for the Sugar Cane Train itself, its line was another of the many
plantation railroads found on the islands serving the Pioneer Mill
located in Lahaina through the first half of the 20th century when the
mill switched its mode of transportation to trucks (which were much more
versatile and cheaper to operate than railroads). In its nearly 40
years of operation now the Sugar Cane Train has become a popular
tourist destination and has even spurred the upstart of other tourist
lines on the islands which help to tell the state’s railroading history
(they include the Hawaiian Railway, Kauai Plantation Railway, and the Pineapple Express).
Many do not realize it but at one time Hawaii featured quite a bustling
railroad network across many of its islands. Its earliest history with
trains well predate the islands' statehood when a small narrow-gauge
line opened a few miles of track in 1881 at the Kilauea Plantation (on
the Island of Kauai) to serve its sugar cane crop. Most railroads
located on the islands were used in just this capacity, small
narrow-gauge operations designed to work the sugar cane fields, one of
the state's important cash crops.
However, the large island of Hawaii did operate a very impressive
standard-gauge line at one time, the Hawaii Consolidated Railway.
Chartered in the early spring of
1899 as the Hilo Railroad, it was renamed the HCR in 1914. By the time
World War II hit the island on December 7, 1941 the railroad featured
an impressive system that included a signaled, double-tracked main line,
and several extensions serving various businesses around the island.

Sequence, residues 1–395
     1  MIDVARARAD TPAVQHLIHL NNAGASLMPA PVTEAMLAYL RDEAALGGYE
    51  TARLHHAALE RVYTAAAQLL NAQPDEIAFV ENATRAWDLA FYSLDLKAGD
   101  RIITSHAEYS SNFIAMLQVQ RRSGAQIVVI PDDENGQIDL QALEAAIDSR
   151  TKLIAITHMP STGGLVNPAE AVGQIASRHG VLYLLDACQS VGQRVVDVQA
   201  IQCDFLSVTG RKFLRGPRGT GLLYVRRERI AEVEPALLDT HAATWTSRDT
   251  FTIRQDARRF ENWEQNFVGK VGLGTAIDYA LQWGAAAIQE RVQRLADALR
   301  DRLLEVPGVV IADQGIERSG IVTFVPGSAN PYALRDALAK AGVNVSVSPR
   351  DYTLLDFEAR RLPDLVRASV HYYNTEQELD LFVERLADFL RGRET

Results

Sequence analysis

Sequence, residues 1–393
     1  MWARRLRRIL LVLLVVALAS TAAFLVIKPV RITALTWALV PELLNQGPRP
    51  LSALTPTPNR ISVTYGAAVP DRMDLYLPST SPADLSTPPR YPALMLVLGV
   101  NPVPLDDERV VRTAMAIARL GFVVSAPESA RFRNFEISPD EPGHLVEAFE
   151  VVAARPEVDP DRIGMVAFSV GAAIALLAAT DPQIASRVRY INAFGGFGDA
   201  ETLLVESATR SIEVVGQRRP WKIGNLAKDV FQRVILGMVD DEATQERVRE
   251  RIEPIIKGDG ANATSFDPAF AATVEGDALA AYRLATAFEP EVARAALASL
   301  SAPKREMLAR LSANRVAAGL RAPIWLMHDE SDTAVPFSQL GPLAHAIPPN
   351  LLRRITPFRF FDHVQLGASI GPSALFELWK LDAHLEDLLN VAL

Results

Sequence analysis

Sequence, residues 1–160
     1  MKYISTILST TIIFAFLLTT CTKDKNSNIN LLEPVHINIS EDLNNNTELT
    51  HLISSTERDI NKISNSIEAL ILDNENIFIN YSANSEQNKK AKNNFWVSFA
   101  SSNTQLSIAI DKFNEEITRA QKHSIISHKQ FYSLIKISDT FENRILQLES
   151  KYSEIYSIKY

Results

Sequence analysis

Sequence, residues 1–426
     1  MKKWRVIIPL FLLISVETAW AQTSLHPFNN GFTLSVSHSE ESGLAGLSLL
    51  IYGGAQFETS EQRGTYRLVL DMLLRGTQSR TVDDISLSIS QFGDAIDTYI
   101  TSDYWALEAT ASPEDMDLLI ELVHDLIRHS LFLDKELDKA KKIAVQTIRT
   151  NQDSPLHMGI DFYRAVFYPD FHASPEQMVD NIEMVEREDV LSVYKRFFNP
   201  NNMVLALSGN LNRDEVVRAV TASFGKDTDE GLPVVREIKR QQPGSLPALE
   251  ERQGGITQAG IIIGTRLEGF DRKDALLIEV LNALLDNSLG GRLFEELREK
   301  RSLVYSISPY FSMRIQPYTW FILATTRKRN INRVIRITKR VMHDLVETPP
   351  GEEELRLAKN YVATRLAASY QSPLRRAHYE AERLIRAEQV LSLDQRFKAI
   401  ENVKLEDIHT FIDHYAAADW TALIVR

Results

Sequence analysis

Unfortunately, the tsunami that hit on April 1st, 1946 devastated the
railroad permanently closing the operation. The Sugar Cane Train today is able to operate a year-round schedule
due to the balmy, tropical climate in which it is located. They
usually run trains four times a day from three different locations;
Puukolii, Kaanapali, and Lahaina. Pricing
is very reasonable, considering that currently they do not offer hardly
any additional services aside from the train ride itself (although they
do hope to eventually add special trains
and events). On that, however, they do accommodate large charter
groups or wedding ceremonies so if interested please contact them to
Today, the railroad features a motive power fleet consisting of three steam locomotives, and one diesel locomotive all but one of which is currently in operating condition. Below is more information about them:
#1, "Anaka": An 0-4-0 design built by the H.K. Porter, Inc. for the Carbon Limestone Company. It is currently in operating condition.
#3, "Myrtle": A 2-4-0 design built by the H.K. Porter,
Inc. for the Carbon Limestone Company. It is currently in operating
condition and the most often used locomotive to pull excursions. The
engine is beautifully restored and sports a vibrant paint scheme.
#5: An 0-6-2 design used by the Oahu Railway & Land Company. It is currently awaiting restoration.
#45 Oahu: A small diesel switcher built by the Plymouth Locomotive Works. It is operational and helps with moving cars and other equipment around the property.
While I know most folks go to Hawaii for the beaches and the sun, if you have a chance you may also want to either visit one of the state’s few remaining tourist railroads, like the Sugar Cane Train, or the Hawaiian Railway Society to get a glimpse at what railroading was once like in the Aloha State. For more information about the Sugar Cane Train please click here to visit their website. There you can learn much more about all of the services they currently offer visitors including pricing and area attractions. To learn more about the history of Hawaii's railroads please click here. Also, for more information about excursion trains like the Sugar Cane Train you might want to consider the book Tourist Trains Guidebook, which is put together by the editors of Kalmbach Publishing's Trains